How to Fall Asleep for Teens Who Are Uncomfortable

Four Methods:Setting the ToneSupplementing Your Nighttime RoutineGetting HelpMaking the Most of Your Daytime Hours

Whether from rapid physical changes, busy schedules, active social lives, or incorrect views regarding sleep, teens face many challenges to getting a healthy night of rest.[1] The scary part is that the harder a time you have falling asleep, the more likely you are to struggle with mental discomfort or malaise when you’re awake.[2] Further, your body is changing more dramatically than ever before, and this may literally be keeping you up at night. Fortunately, there are plenty of steps to take in helping yourself relax, find comfort, and fall asleep.

Method 1
Setting the Tone

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    Wind down. Simply developing better “sleep hygiene” will likely lead to more ease and comfort falling asleep.[3] Make time to prepare your body and mind for sleep. Avoid exciting, strenuous, or otherwise stimulating activities just before bed. Here are a few more tips to help you wind down:
    • Don’t fall for the temptation to hang out in your bed. Don’t get in bed until you’re committed to going to sleep.[4]
    • Reduce your screen time. Turn off ALL of the screens; TV, video games, computer, and even cell phones an hour before you want to be asleep.[5]
    • Stop cramming for your test! You need sleep to perform well in class. Wrapping up the day with a more relaxing activity – such as listening to music or reading for enjoyment – will make it easier to fall asleep.[6]
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    Establish a bedtime ritual. Commit to a regular, relaxing routine just before you get in bed. This will send a cue to your body that it’s time to rest.
    • After getting homework out of the way, or concluding any other evening activities, perform your bedtime ritual in a consistent order of operations.
    • For instance, first take a shower, then dim the lights, brush your hair, read for 20 minutes, and turn out the light. Choose an order of operations that you prefer; it’s the consistency that matters.
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    Establish a regular sleep schedule. Adjust temperature and lighting to help with this. Keep the lights dim in the evening hours, and make your bedroom dark, cool, and quiet.[7] Further:
    • Don’t sleep in too late on the weekends. Binging on sleep will disrupt your internal body clock.
    • Let in the morning sunlight! This will help you wake up, and will keep your body clock calibrated.
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    Visualize your happy place. Count sheep. Imagine yourself calmly sitting in your favorite fantasy realm. Whatever works! Here are some ideas:
    • Picture a beautiful outdoor vista you’ve seen or would like to see someday. Imagine the associated sounds and smells. Feel the breeze on your skin. (And start dreaming!)
    • Try softly playing the audio of the setting you're envisioning. Avoid audio with words or other distractions elements. Look for an ambient, calming sound.

Method 2
Supplementing Your Nighttime Routine

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    Take an Epsom salt bath. “Growing pains” are a very real part of your teenage years. Adding Epsom salt to a bath before bed can greatly soothe any aches and pains you’re dealing with. Simply soaking in warm water can help relax muscle, loosen stuff joints, and even fight insomnia.[8] When using Epsom salt: [9]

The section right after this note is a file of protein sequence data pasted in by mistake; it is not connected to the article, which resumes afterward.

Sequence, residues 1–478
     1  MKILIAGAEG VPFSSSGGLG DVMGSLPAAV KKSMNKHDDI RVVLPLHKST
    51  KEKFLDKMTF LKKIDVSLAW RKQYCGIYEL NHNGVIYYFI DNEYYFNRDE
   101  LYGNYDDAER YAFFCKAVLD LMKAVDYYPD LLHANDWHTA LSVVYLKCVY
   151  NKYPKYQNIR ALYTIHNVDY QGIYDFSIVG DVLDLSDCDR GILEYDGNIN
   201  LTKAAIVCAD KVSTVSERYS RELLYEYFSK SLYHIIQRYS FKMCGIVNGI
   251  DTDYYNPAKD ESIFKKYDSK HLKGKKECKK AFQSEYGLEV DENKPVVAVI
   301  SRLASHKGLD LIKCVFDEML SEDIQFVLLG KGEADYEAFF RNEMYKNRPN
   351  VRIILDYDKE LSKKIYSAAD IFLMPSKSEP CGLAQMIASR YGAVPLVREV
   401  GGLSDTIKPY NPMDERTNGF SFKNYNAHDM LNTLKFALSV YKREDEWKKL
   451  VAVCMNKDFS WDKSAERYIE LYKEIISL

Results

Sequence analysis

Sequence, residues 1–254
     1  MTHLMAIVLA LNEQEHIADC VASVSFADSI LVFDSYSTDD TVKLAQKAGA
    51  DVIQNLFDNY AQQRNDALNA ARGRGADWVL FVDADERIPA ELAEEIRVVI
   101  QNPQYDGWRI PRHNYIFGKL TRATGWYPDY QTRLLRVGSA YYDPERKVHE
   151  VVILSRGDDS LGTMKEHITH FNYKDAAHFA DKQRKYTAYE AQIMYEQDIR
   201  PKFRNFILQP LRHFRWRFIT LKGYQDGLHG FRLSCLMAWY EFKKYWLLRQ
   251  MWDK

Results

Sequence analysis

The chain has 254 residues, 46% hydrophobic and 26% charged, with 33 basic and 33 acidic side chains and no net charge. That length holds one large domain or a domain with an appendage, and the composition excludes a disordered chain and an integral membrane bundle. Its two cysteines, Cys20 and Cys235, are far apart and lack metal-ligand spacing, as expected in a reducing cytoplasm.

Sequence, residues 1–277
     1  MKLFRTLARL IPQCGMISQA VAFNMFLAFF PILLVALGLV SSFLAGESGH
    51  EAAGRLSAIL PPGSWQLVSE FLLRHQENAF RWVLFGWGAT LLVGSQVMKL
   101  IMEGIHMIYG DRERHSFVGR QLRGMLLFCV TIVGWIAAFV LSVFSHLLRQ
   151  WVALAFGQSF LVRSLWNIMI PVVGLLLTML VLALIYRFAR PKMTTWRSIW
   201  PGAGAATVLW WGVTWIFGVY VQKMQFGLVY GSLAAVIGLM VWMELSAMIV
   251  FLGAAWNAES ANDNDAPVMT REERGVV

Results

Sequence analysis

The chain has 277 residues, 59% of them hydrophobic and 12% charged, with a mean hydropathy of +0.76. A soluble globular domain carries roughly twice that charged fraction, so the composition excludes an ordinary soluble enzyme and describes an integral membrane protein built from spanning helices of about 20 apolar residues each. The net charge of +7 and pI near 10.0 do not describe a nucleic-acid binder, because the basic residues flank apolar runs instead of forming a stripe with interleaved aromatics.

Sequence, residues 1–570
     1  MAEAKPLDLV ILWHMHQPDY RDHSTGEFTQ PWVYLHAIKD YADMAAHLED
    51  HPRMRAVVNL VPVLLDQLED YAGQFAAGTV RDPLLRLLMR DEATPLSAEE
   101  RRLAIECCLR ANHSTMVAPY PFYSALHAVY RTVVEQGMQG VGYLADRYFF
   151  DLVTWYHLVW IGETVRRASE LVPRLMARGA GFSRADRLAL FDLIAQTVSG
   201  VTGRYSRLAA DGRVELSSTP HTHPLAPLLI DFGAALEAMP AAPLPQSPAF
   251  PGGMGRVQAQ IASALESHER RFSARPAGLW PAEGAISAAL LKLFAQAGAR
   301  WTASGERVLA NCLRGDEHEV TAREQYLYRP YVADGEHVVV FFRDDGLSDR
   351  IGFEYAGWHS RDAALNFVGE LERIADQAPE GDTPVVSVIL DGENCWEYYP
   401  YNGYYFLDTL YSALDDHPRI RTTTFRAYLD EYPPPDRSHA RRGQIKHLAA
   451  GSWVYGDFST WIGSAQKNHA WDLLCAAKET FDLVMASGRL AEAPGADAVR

• Fill the bathtub with very warm water that is comfortable to the touch.
    • Add 1-2 cups of Epsom salt while the water is running, the aid in dissolution.
    • Soak whatever part of your body hurts for at least 12 minutes. Enjoy the opportunity to relax.
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    Take over-the-counter pain medication. Reserve this step for when you have pain that keeps you awake at night. Talk to a health care provider about what medicine makes the most sense for someone your age. They will likely recommend acetaminophen or ibuprofen, though your age, weight, and level of development will dictate what the safest choice and dosage is for you.[10]
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    Exercise lightly. Gentle, restorative yoga or stretching can help with the discomfort associated with your teenage years.[11] These types of exercise can also calm you down and prepare your body for rest.[12] Signing up for a weekly yoga class, or watching yoga videos are good ways to learn some poses. Some of each are geared specifically towards teens. Poses where you fold forward, either upright or on the ground, can be particularly helpful in calming you down.[13]
    • Breathe with purpose. Whatever the pose, breathing is an important aspect of yoga. A 1:2 pattern is great for relaxation; exhale for 2x the count of your inhale, in whatever increment feels most natural. For instance, if your natural inhale is 3 counts, exhale for six counts. Increase these numbers as you relax. Even without doing a pose, this simple breathing exercise will calm you down.[14]
    • Try a forward fold. From an upright, standing position, fold forward as far as it is comfortable to do so, exhaling and extending your spine. Slide your hands down and around to the back of your legs. As you inhale, straighten your back to a horizontal position, sliding your hands towards the back of your knees. Push your chest gently down through your arms. Exhale and bend back down, hands on the back of your legs all the while. Keep the knees slightly bent throughout the routine, and allow the head to hang loosely when you’re folded forward. After six folds, hold a downwards forward fold for ten breaths, using the 1:2 breathing method.[15]
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    Take a natural sleep aid. This will help primarily with restlessness that is not recurring. Take note of these in particular:[16]